Plecoptera display a variety of dispersal mechanisms. The most reduced of these, walking, is common for winter stoneflies in the family Capniidae. To examine dispersal in a winter stonefly, Allocapnia recta, we sequenced a fragment of the 16s rRNA mitochondrial gene from four adjacent Lake Erie drainages. Nineteen unique haplotypes were obtained from 107 specimens. The four watersheds explained 37% of the haplotype diversity and all pairwise contrasts among streams were statistically significant; not one haplotype was common to all four watersheds. This extreme level of divergence among populations separated briefly in both space and time suggest minimal if any measurable gene flow and therefore the possibility that geological processes may better explain northern colonization to the Great Lakes than may adult migration. One possibility is for post-glacial change in topography, in particular isostatic adjustment to raise land, which led to flow reversal at the headwaters of rivers along what now is Ohio’s Northern Divide, separating the Laurentian Great Lakes from the Ohio/Mississippi River system.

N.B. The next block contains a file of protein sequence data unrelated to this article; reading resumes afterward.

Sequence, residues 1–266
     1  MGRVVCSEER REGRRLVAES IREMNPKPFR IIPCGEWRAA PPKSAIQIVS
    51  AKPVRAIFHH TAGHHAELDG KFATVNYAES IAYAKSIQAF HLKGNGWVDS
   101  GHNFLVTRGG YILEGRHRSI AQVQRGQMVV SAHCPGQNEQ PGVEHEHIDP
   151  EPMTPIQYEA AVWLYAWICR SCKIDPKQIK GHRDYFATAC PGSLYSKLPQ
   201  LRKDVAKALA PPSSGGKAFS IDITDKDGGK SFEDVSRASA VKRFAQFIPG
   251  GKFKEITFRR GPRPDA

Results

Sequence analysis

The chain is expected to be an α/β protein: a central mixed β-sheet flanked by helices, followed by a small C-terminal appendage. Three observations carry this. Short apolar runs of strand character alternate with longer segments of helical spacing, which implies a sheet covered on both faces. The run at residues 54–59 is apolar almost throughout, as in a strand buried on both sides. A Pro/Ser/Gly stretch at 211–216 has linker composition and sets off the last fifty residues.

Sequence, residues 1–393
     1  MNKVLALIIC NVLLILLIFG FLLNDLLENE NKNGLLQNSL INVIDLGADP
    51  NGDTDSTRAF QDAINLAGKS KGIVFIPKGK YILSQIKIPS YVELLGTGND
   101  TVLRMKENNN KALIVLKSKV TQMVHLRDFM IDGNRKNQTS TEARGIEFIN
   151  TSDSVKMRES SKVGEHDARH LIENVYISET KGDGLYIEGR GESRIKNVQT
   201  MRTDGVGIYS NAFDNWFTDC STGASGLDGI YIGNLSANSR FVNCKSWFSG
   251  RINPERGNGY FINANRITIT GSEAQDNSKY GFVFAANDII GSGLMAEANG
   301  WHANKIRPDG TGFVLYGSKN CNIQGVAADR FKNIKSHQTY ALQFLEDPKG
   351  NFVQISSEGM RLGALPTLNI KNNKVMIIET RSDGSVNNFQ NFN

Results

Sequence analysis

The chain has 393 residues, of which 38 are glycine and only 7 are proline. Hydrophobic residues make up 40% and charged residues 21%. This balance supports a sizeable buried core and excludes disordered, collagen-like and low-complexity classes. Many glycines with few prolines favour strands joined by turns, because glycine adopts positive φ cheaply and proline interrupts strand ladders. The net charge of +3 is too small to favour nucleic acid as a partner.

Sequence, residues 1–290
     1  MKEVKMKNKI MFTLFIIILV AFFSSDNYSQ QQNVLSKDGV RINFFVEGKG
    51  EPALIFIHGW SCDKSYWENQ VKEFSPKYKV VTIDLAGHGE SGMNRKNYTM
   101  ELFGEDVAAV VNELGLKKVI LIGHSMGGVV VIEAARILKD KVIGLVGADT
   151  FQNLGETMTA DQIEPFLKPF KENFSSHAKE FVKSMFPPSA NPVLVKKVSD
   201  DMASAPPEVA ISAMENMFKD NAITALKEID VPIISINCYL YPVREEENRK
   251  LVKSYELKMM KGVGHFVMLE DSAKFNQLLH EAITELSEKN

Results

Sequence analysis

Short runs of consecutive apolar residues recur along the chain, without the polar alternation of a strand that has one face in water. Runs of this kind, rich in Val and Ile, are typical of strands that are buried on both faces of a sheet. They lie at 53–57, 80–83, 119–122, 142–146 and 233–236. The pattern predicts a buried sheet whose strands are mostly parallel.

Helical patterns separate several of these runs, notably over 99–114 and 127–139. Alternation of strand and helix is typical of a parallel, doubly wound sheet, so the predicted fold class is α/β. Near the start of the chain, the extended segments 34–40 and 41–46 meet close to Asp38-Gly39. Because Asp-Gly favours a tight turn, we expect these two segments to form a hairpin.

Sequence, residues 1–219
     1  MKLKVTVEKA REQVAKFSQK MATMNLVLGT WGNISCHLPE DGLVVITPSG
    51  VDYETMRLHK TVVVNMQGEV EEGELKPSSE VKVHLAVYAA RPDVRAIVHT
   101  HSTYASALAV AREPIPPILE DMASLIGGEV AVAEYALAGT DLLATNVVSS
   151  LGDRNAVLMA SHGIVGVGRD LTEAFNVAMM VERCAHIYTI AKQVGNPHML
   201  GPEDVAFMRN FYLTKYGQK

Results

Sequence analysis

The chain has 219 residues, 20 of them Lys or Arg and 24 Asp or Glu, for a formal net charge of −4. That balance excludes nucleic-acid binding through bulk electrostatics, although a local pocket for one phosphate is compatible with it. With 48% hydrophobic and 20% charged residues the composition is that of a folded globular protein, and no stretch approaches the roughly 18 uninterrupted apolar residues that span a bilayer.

Yasick, A. L., R. A. Krebs and J. A. Wolin. 2015. Colonization of Lake Erie tributaries by Allocapnia recta (Capniidae). Illiesia 11(5), 41-50.